This past weekend a press screening for Rogue One: A Star Wars Story confirmed something that Kathleen Kennedy had hinted in an interview with Variety last month: unlike previous Star Wars films, no crawl of large yellow letters scrolls up the frame at the beginning of the movie. Fans have expressed mixed opinions about changing a Star Wars standard, much like they did back when the realization struck that the 20th Century Fox fanfare wouldn't precede The Force Awakens.
It's different than we've seen before from Star Wars, but that has been the intention of the standalone movies from the first announcements that Lucasfilm would produce stories outside the scope of the Skywalker family saga. George Lucas was inspired by the opening crawls of film serials like Flash Gordon and Buck Rogers when he created the famous scrolling introduction to his first Star Wars film. A New Hope opens in medias res, a storytelling device meaning "in the midst of the story." The opening crawl of A New Hope introduces events that have led to Princess Leia's ship being pursued by an Imperial Star Destroyer — it's the cinematic equivalent of a "previously on Star Wars" television montage. Rogue One's plot was plucked right from that very first crawl:
"It is a period of civil war. Rebel spaceships, striking from a hidden base, have won their first victory against the evil Galactic Empire. During the battle, Rebel spies managed to steal secret plans to the Empire's ultimate weapon, the DEATH STAR, an armored space station with enough power to destroy an entire planet."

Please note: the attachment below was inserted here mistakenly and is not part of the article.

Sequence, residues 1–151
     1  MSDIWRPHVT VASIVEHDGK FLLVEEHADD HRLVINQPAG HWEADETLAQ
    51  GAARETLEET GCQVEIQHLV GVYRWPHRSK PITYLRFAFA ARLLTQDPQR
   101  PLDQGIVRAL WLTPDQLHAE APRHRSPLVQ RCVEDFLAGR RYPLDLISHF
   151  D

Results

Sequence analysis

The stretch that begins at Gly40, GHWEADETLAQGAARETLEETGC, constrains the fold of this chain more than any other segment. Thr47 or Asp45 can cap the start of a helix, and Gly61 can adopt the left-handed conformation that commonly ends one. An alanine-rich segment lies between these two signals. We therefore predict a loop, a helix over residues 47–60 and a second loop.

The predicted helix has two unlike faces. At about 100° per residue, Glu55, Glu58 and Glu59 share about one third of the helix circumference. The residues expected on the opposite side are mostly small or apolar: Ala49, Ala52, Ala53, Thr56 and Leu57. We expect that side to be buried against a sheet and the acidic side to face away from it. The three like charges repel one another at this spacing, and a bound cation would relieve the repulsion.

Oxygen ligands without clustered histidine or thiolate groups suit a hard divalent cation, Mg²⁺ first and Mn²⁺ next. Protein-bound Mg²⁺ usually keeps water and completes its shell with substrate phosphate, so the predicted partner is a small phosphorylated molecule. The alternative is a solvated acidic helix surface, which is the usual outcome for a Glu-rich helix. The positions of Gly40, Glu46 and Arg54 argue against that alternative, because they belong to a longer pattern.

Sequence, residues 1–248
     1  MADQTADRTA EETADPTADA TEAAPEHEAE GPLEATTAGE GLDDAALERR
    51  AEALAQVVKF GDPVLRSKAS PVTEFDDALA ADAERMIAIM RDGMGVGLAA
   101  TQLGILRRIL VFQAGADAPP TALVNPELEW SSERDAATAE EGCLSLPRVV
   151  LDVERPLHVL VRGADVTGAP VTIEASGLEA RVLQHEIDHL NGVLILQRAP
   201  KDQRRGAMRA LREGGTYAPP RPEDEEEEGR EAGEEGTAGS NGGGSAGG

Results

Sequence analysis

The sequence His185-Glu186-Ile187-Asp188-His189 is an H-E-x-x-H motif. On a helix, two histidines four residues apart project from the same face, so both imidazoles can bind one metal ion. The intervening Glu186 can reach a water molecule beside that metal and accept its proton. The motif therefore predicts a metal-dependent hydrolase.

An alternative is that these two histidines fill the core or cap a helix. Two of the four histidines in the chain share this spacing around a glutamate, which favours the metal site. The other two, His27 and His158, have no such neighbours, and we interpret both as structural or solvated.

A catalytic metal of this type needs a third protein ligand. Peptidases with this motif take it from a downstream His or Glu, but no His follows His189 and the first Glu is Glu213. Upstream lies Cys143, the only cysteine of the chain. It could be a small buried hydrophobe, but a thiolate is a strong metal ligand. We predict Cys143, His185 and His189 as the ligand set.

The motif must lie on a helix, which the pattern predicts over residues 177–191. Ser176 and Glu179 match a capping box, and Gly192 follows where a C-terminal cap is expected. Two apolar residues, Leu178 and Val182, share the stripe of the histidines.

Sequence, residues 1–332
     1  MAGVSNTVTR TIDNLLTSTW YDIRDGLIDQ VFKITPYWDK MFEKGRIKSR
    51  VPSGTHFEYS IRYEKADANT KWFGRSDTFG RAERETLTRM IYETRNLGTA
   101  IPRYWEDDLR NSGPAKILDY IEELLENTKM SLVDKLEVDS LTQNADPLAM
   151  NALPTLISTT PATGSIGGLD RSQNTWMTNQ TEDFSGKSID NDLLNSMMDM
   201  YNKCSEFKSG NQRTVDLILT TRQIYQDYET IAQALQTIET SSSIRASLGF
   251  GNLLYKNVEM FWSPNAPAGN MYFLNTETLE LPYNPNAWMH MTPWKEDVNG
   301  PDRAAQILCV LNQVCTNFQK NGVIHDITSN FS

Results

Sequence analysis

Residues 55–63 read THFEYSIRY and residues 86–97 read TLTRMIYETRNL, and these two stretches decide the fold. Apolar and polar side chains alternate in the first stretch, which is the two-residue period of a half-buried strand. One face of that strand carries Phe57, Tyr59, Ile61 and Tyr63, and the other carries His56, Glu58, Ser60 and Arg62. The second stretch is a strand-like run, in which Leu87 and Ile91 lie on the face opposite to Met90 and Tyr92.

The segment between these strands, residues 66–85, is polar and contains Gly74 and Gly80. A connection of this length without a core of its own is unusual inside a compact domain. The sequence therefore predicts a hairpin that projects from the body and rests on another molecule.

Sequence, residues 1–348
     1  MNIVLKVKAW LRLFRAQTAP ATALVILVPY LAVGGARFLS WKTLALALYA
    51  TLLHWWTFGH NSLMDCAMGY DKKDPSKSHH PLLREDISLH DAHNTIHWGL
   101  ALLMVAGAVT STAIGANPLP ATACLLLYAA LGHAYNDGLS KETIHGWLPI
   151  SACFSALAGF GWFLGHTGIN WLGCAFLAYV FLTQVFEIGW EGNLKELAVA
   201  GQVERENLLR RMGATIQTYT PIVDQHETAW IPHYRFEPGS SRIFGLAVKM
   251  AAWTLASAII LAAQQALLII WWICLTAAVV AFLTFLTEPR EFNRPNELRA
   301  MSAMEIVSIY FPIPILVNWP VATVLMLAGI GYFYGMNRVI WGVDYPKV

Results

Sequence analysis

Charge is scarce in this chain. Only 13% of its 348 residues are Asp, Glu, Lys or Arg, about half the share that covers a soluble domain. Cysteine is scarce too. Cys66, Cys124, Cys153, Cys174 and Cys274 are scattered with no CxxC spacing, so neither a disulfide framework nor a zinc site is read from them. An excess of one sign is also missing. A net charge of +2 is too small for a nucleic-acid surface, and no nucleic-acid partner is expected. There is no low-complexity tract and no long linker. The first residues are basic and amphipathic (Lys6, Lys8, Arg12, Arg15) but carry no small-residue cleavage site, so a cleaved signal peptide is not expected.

Of course, Lucasfilm could have chosen to include a crawl to introduce the story within the crawl, but while The Force Awakens, Episode VIII, and Episode IX aspire to continue in the space opera genre that was Lucas's 1930s inspiration, the standalone movies are meant to take their inspiration from other genres. Rogue One has been described by its director, Gareth Edwards, as a war movie, meaning it'll draw more comparisons to Apocalypse Now or Platoon. War movies often begin by introducing the characters in their ordinary lives, prior to the war or before being conscripted into military service.
Likewise, rather than jumping into the midst of wartime events already in progress, Rogue One opens with a prologue that establishes key characters, including heroine Jyn Erso (Felicity Jones), her parents Galen (Mads Mikkelsen) and Lyra (Valene Kane), resistance fighter Saw Gerrera (Forest Whitaker), and Imperial adversary Director Krennic (Ben Mendelsohn). Despite the lack of a crawl, though, this prologue still feels like Star Wars: the first glimpse of wide open space, panning over to a planet, an Imperial shuttle heading toward it . . .